Slack's overall campaign strategy, messaging and copy remained consistent throughout this period, with ads probing their audience in bold font, "What if your email let you find everything you needed? It wouldn't be email at all." The ads indeed give a side-eye to the limitations posed by most traditional email platforms. Here, Slack is positioning itself as the one-stop remote work solution with thousands of integrations to provide the user everything they need to streamline business operations, internal communications and project management.
The brand's monthly spending trends peaked in April ($1,980,800) before declining for the remainder of the year. Even as more minor bumps in spend cropped up throughout the winter months as state governments reimposed lockdown measures, spending did not return to its early pandemic levels.
Top channels from this period include Yahoo receiving 14% of total impressions, followed by Washington Post with 11% impression share and Twitter taking 8% impression share.
Microsoft Teams campaigns on "innovation"
Microsoft Teams has registered an impressive rise in its user base despite the tough competition from competitors like Google Meet and Zoom. Last year, Microsoft Teams had emerged as one of the most widely-used platforms for virtual meetings. Despite this, the platform now boasts over 145 million daily active users worldwide, a 26% increase since October 2020.
Microsoft Teams invested a hefty $16,568,700 into its ad campaigns from March 2020 to March 2021, earning an impressive 1,224,642,600 impressions across 348 creatives.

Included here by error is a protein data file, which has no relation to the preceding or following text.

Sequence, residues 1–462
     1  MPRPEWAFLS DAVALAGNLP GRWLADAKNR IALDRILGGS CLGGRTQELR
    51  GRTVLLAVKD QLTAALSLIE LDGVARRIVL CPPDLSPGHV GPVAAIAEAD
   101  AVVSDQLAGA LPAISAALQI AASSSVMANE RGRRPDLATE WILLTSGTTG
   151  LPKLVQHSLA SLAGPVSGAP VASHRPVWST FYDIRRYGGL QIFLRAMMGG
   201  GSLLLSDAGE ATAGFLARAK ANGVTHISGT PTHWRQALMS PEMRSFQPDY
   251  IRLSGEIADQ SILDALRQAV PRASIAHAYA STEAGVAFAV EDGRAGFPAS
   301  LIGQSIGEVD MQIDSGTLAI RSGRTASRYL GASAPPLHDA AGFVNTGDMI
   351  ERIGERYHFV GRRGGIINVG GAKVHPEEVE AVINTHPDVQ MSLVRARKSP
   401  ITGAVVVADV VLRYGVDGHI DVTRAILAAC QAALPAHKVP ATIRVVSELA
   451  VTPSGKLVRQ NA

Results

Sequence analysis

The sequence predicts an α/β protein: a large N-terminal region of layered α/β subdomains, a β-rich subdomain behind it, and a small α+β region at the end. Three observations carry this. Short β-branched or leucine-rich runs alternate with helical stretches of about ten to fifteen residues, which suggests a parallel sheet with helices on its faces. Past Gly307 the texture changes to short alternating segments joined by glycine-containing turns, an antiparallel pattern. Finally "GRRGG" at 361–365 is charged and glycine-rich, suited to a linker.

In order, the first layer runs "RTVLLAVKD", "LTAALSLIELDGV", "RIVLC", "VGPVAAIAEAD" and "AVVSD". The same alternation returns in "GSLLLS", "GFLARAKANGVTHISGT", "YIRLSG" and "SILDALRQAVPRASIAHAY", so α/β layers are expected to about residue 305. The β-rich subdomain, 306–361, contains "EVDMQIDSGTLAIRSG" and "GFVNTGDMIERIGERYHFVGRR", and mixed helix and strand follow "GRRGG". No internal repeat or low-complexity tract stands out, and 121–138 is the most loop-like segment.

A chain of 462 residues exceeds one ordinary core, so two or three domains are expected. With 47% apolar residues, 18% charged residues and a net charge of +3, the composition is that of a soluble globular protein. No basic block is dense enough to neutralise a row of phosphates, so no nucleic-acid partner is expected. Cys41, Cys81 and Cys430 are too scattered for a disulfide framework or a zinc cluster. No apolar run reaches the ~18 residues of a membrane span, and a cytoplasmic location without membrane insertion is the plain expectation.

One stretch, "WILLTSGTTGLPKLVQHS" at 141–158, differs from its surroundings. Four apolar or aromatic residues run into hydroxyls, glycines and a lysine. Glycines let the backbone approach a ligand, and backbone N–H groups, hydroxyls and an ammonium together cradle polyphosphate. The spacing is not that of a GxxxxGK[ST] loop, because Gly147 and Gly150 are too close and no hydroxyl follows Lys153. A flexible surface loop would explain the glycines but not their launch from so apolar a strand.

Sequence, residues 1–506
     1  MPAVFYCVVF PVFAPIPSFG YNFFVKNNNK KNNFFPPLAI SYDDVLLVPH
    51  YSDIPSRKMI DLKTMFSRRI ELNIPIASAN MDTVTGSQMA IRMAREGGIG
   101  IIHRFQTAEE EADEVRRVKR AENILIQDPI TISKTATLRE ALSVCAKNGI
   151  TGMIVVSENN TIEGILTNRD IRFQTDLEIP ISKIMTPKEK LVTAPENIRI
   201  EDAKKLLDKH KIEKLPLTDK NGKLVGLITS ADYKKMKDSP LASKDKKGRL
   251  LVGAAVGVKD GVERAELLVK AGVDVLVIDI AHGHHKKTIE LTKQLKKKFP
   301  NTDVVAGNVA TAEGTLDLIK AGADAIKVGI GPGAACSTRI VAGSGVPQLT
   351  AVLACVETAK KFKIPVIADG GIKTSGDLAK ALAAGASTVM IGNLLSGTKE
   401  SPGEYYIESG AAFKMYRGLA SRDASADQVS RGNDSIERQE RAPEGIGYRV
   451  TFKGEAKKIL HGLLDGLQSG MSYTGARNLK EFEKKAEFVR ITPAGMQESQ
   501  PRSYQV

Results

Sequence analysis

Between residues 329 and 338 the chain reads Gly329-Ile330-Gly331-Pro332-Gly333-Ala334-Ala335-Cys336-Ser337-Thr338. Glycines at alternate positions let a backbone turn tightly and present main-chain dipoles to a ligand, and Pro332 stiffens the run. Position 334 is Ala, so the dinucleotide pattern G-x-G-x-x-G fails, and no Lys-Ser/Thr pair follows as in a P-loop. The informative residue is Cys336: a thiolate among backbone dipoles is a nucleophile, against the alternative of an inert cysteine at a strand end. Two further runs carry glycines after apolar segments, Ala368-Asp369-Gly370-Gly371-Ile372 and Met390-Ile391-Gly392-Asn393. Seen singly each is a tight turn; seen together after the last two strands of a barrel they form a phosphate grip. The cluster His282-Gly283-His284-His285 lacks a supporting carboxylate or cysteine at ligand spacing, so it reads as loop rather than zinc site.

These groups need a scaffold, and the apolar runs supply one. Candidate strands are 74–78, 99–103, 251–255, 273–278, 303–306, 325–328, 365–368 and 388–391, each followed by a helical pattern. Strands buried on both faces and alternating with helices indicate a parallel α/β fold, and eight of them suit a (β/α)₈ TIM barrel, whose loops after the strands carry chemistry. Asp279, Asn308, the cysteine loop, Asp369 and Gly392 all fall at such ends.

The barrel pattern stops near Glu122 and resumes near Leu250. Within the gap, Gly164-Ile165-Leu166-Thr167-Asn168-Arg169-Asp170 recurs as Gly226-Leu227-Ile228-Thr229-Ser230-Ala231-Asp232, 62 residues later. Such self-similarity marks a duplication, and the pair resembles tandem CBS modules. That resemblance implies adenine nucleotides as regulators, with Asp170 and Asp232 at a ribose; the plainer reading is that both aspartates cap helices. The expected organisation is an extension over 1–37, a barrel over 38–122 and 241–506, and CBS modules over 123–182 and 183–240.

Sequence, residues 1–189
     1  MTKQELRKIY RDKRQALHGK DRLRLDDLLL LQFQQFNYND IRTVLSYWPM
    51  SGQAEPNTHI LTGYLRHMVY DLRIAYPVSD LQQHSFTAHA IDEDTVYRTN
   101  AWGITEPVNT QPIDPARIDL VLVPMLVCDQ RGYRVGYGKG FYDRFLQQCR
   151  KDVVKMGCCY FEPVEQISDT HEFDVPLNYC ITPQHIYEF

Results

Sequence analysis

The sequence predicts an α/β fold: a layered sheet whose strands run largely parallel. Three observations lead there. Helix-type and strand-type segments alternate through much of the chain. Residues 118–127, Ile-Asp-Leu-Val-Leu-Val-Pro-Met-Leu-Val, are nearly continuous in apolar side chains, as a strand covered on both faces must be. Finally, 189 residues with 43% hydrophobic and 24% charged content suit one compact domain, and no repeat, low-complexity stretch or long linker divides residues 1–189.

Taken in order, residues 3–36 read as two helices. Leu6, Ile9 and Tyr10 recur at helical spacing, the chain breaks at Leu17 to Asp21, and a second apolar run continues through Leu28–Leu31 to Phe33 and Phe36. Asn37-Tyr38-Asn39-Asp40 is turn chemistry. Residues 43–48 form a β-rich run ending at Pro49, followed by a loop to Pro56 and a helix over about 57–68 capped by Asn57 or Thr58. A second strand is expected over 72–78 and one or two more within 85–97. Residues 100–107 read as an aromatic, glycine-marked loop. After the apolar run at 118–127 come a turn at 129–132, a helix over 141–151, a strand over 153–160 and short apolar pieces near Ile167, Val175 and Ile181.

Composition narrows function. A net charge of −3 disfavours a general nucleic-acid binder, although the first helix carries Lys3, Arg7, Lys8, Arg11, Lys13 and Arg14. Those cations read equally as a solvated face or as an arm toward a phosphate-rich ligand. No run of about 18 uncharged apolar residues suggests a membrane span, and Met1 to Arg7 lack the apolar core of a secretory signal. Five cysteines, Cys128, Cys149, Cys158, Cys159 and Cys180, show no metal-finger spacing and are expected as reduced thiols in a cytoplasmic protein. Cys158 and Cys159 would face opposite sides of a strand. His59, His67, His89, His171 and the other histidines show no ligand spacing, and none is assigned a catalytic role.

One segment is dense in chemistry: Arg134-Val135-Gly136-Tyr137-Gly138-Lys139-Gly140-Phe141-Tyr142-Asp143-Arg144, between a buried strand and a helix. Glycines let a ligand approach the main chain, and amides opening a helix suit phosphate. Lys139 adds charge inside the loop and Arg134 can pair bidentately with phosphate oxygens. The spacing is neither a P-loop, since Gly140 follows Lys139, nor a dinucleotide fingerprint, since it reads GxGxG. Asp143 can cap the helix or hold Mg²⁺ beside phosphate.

Teams strategy employs polished, professional ad creative that flexes the software's latest features (i.e., Together Mode) and leverages real meeting footage from users sharing how they use Teams to get business done. Their creative is upbeat and hopeful, focusing on the positive without ever mentioning the pandemic. Instead, Teams opts to focus on the functional benefits of the software and how it will innovate business practices in an era of remote work.
Reviewing the brand's monthly spending trends for this period, spend didn't start to pick up for Teams until May before reaching its peak in June ($2,859,300). While both Slack and Zoom took a more aggressive spending strategy throughout the winter, Teams laid low until early 2021 when both desktop display and video ad spend began to increase.
Top channels from this period include Yahoo receiving 18% of total impression share, followed by MSN with 10% impression share and Fandom taking 9% total impression share.
Ad strategy aside, all three platforms and the remote collaboration software niche as a whole helped to steer us into a new era of how we work, collaborate and communicate with our colleagues, peers and loved ones. There is no doubt the pandemic has had a profound effect on how we work. If businesses continue to adopt these remote solutions properly and carefully select the right tools for their organizations, they'll serve as invaluable assets for success in a post-pandemic world.
With over a decade of experience across digital marketing, content, creative, and PR, Sarah is a creative and dynamic thinker who loves to delight clients with unique and relatable content. Sarah graduated from UC Berkeley with a BA in Sociology.